Written by Dr. Truda M Straede
This carefully crafted breed of delicately spotted and marbled cats is tops for temperament, full of love and fun, bright but relaxed. Very popular with first time pedigree cat buyers, it's well bred but not extreme appearance appeals as essentially cat.
WHAT DO THEY LOOK LIKE?
There is nothing extreme about Australian Mist, they are of moderate size, medium boned, rounded of head, with large eyes and ears. The coat is short, but resilient, the tail is plumply furred. The colours are warm brown, blue, chocolate, lilac, gold and peach; the pattern is of delicate spots or intricate marbled swirls against a misty ground, with legs and tail ringed and barred, and the face lined. Eyes are large and expressive in a range of greens. The nose, chin and whiskerpads are broad giving the face a generous expression.
WHAT BREEDS WERE THEY MADE FROM?
Developed over more than twenty years, Australian Mist have a large gene pool, derived from over 30 foundation cats, half Burmese, and a quarter each Abyssinian and Domestic. Burmese contributed the dilution for the colours, the "laid back" nature, four of the colours and some of the pattern, as well as general size and conformation. From the Abyssinian came the beautiful ticking to develop the pattern, two colours, and a touch of lively
intelligence. Domestics contributed to the best spots, but primarily to vigour, with a dose of "uncosseted" cat genes improving teeth, kidneys, mothering qualities, and helping to stabilise litter sizes around the feline average of four. The exciting marbled pattern, accepted as part of the breed in 1997 has “popped up” throughout the development of the breed and is growing in popularity.
UNLIKE ASIANS AND BENGALS.....
Australian Mists were planned and crafted over many years from an idea developed by Dr Straede and have been in existence for longer than Asian cats which were the result of an accidental mating as recently as as 1981 and Bengal cats which were also first bred in the early eighties. The first Bengal registered with TICA was in 1983 by Jean Mill.
Permission was granted by the RASCC Consultative Comittee in 1977 and the first true litter of Mists was born in January 1980.
WHAT ARE THEY LIKE AS CATS?
Australian Mist are excellent mothers, moderate breeders, and superlative studs. Desexed cats, females and kittens fit in easily with all sorts of other pets. Their conviction that no person or animal could do anything but love them leads to ease of integration with any but the extremely aggressive. Temperament is such that even many males are able to live in small groups with other males.. To further increase the pleasure of the small breeder, later maturation of both males and females is being selected for.
The people centredness of Australian Mist contributes to their ability to be wholly indoor pets, and their willingness to remain indoors between dusk and dawn. While it is not possible to alter the inherent behaviours which enable the cat to hunt, these characteristics can be redirected towards interacting with people. Selection is continuing to enhance further these qualities, creating a truly companionable pet, which quickly becomes a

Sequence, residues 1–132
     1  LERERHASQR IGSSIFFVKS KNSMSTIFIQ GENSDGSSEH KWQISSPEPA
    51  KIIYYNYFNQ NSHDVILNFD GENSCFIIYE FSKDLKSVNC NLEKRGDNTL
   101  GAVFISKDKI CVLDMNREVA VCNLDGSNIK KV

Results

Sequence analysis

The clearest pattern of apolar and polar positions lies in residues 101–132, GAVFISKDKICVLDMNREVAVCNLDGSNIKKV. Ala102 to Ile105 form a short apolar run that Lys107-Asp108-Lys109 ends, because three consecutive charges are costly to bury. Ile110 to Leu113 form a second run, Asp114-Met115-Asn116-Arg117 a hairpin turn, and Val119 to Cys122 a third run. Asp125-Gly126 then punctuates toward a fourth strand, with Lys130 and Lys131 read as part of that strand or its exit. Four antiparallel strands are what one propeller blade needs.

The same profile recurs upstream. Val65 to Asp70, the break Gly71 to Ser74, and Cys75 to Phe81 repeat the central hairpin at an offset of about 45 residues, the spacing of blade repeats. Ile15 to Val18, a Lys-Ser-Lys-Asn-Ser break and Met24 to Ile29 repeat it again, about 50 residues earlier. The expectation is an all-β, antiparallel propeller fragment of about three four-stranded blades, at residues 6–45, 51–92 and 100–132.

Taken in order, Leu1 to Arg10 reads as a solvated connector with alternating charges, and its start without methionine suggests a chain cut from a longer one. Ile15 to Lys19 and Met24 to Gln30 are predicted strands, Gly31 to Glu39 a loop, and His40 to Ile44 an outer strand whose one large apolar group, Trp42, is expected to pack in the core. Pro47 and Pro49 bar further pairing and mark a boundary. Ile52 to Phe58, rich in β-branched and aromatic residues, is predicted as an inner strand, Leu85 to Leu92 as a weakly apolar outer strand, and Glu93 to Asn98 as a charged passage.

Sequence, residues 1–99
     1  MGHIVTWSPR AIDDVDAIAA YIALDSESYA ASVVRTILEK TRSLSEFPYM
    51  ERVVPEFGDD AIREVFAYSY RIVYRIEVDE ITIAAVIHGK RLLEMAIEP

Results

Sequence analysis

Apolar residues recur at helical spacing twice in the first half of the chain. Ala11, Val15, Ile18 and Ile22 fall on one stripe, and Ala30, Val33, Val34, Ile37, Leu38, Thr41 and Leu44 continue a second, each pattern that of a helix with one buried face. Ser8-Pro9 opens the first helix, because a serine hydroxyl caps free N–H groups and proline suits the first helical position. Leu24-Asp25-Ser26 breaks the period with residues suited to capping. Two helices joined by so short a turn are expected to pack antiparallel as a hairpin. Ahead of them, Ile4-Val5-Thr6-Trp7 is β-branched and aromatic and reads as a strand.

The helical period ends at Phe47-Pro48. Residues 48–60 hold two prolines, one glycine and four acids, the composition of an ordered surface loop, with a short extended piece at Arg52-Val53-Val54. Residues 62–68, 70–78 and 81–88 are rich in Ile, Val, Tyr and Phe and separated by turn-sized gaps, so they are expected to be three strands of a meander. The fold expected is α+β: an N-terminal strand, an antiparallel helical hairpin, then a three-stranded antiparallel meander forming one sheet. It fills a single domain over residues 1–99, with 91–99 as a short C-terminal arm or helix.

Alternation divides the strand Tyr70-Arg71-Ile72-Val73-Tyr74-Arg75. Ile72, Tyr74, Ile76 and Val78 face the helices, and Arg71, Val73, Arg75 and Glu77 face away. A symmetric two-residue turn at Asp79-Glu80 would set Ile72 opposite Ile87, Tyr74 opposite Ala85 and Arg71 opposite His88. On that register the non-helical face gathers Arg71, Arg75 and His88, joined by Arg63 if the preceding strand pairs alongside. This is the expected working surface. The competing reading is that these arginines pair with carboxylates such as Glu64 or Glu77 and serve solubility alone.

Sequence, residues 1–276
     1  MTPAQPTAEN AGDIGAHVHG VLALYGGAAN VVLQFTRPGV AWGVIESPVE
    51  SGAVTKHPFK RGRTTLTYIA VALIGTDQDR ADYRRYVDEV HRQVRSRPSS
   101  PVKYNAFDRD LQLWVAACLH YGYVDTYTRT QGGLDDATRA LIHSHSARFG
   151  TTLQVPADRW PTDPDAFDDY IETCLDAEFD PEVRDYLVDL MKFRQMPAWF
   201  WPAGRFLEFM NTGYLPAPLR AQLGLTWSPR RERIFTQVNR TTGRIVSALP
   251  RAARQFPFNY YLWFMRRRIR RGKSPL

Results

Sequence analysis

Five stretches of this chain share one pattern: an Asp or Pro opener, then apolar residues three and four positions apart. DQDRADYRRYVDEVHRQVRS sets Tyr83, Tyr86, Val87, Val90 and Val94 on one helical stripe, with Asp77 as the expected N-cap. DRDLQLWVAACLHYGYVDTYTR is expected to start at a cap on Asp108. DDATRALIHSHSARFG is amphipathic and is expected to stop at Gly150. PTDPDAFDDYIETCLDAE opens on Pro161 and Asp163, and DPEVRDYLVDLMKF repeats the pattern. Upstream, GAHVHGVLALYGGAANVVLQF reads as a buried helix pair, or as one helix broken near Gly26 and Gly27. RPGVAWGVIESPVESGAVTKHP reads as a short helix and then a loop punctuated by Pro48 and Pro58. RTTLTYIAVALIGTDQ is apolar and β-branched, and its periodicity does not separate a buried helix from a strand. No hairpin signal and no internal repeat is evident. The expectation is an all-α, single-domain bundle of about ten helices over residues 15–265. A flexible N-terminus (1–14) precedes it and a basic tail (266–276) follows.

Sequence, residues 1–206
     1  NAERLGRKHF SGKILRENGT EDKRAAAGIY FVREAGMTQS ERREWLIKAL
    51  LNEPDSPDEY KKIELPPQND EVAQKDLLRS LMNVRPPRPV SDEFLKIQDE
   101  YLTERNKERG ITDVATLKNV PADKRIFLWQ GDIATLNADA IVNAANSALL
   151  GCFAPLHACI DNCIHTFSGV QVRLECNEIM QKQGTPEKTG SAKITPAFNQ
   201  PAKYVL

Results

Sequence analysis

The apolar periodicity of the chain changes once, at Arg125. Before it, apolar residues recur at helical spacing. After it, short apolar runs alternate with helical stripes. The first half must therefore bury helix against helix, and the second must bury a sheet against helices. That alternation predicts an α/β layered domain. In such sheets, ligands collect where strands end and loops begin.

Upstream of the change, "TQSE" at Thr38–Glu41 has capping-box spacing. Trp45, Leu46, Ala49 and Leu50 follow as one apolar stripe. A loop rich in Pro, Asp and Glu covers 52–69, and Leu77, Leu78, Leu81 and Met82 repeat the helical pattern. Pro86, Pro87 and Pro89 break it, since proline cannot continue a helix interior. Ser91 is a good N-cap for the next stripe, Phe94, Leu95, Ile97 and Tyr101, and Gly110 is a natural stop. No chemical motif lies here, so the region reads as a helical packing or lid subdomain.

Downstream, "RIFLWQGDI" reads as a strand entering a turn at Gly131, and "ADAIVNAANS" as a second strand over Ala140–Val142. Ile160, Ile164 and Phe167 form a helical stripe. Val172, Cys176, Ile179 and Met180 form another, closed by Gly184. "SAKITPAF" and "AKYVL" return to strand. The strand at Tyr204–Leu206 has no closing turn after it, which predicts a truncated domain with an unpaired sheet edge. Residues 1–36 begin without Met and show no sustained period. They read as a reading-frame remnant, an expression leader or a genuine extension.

member of the family
WHAT WAS THE ORIGIN OF THE BREED?
These delectable short-haired cats were the brain-child of Dr. Truda Straede (Nintu Cattery) and were developed from the idea to full register over nine years from 1977. This wholly AUSTRALIAN breed of cat has been created under the very strict regulations of the NSW Cat Fanciers Association Inc, and is now recognised by governing councils Australia wide. Sound husbandry and selection, combined with genetic insight, and the perseverance of the experimental breeders has led to a pleasingly uniform, but genetically broadly based population of cats, which are now available to any interested cat buyer.
WHAT TYPE OF HOME DO THEY SUIT?
Australian Mist make excellent pets for children, even very young ones, as they are very tolerant of handling, and disinclined to scratch. As kittens they are lively, but sober up somewhat on maturity. Their propensity to crawl into the nearest lap with or without invitation, and to constantly hang around to see what people are up to makes them an excellent companion for the home worker, and the invalid. Older cats in need of rehoming are available at times. These cats settle in well, and are often preferred by older, or working buyers.
Australian Mist are easy cats to Show, enjoying the outing and attention. Best in Show awards are frequent, and several cats, including both entire and desexed, have reached Gold Double Grand Champion status. Both Spotted and Marbled Australian Mist have been awarded the much coveted SUPREME EXHIBIT IN SHOW.
AUSSIE MIST JOTTINGS
by Truda M Straede,
IN THE BEGINNING .....
It seems a long time ago, that day that I rushed into a cat show ( it was the Federal, I recall, I think in 1975), found a litter of Blue Burmese ( they were the flavour of the month, that year), and said 'I will have one of those, a girl, I want to breed and show.' A bit amazing really, as I had only owned moggies previously, my acquaintance with pedigree cats restricted solely to the seal point Siamese that I had bought as a present for my mother. Ah, that I had known where it would lead me!
That first blue girl I did not have long, she died of ?? It took me years to remember her with anything but pain. I ordered a replacement from the next litter, and bought myself a brown girl as well - and then a Tawny (called Usual in those days, and they were!) Abyssinian.